Consumers create jobs for the most part and workers create value. And until even the so-called “capitalists” of this country understand that, we’re going to suffer from stagnant growth because…. the masses are nearly out of money because…. see below.
This has led to a distribution that looks like this….
There are some that will keep banging the drums for the “magic”, but most working people pounding pavement and trying to take care of their families know the truth–the link between effort and reward is gone and has been for some time.
Want to know what’s behind the actual American carnage and why none of 45’s and the far-right to Alt-Right cabal’s policies will work? Because there is a fundamental disconnect between the world that elites inhabit, and organized money protects, and the actual reality of what is going on and has been the trend in American life for some time.
And this is why the most relevant historical force in the 2016 Presidential election was not Donald Trump–but rather it was Bernie Sanders.
He has proven that small dollar donations can break the donor class monopoly of our political system, or at the very least has proven you can put up one hell of a fight and maybe next (demographically speaking) things will break your way. If it is not broken up, it’ll be hard for much of anything to be made “great”again, although I’d very much settle for “good” outcomes at this point.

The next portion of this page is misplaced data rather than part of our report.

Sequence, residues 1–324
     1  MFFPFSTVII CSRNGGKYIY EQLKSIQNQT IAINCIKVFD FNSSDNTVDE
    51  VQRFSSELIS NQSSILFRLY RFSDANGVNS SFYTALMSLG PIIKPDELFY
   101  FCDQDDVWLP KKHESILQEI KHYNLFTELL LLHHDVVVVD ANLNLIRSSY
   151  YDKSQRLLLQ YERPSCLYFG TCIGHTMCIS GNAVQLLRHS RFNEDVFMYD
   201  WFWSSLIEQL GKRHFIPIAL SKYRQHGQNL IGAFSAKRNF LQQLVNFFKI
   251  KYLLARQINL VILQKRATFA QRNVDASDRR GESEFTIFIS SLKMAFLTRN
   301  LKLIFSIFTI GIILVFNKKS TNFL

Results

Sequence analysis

Indeed, Mr. Norris was right. We are cursed to live (or fortunate to live?) in interesting times. Anyone who has been following developments between the Alt-Right and far-left clashing on college campuses lately, or developments like this can conclude that we are cursed to live in interesting times.
So I keep coming back to the Joker and “watching the world burn.”
There are those who have settled into the world as it is and those (overwhelmingly under 45) who are dreaming of the world as it should be. I think the common thread that binds a lot of millennials, most Gen-X’ers, and younger folks together will be our desire to “burn it down.”
The key difference will be what type of burn. At the outset I showed a “controlled burn” that farmers utilize to help the soil and rotate crops. I believe the controlled burn is far preferable to what the Alt-Right is and wants, which I will call the “moral hazard burn.”